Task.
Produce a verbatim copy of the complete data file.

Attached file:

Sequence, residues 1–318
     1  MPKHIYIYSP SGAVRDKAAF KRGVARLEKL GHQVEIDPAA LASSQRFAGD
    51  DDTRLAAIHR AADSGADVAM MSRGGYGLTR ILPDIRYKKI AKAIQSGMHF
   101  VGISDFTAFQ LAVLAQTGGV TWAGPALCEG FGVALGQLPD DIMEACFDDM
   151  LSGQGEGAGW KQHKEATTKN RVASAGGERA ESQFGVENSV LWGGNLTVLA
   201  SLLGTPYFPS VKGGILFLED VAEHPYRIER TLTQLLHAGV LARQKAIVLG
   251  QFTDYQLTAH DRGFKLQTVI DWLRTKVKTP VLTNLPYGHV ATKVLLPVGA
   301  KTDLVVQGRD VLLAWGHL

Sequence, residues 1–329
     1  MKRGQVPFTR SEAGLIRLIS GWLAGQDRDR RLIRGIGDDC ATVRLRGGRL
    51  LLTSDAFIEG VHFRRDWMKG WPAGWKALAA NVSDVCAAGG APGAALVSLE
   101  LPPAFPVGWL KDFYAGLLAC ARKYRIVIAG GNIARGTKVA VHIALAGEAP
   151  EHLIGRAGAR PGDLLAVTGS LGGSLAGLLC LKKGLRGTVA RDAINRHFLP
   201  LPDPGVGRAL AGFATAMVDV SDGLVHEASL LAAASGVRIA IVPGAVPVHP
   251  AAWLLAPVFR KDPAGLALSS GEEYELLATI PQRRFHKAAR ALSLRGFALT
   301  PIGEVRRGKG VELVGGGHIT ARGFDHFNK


Sequence, residues 1–318
     1  MPKHIYIYSP SGAVRDKAAF KRGVARLEKL GHQVEIDPAA LASSQRFAGD
    51  DDTRLAAIHR AADSGADVAM MSRGGYGLTR ILPDIRYKKI AKAIQSGMHF
   101  VGISDFTAFQ LAVLAQTGGV TWAGPALCEG FGVALGQLPD DIMEACFDDM
   151  LSGQGEGAGW KQHKEATTKN RVASAGGERA ESQFGVENSV LWGGNLTVLA
   201  SLLGTPYFPS VKGGILFLED VAEHPYRIER TLTQLLHAGV LARQKAIVLG
   251  QFTDYQLTAH DRGFKLQTVI DWLRTKVKTP VLTNLPYGHV ATKVLLPVGA
   301  KTDLVVQGRD VLLAWGHL

Sequence, residues 1–329
     1  MKRGQVPFTR SEAGLIRLIS GWLAGQDRDR RLIRGIGDDC ATVRLRGGRL
    51  LLTSDAFIEG VHFRRDWMKG WPAGWKALAA NVSDVCAAGG APGAALVSLE
   101  LPPAFPVGWL KDFYAGLLAC ARKYRIVIAG GNIARGTKVA VHIALAGEAP
   151  EHLIGRAGAR PGDLLAVTGS LGGSLAGLLC LKKGLRGTVA RDAINRHFLP
   201  LPDPGVGRAL AGFATAMVDV SDGLVHEASL LAAASGVRIA IVPGAVPVHP
   251  AAWLLAPVFR KDPAGLALSS GEEYELLATI PQRRFHKAAR ALSLRGFALT
   301  PIGEVRRGKG VELVGGGHIT ARGFDHFNK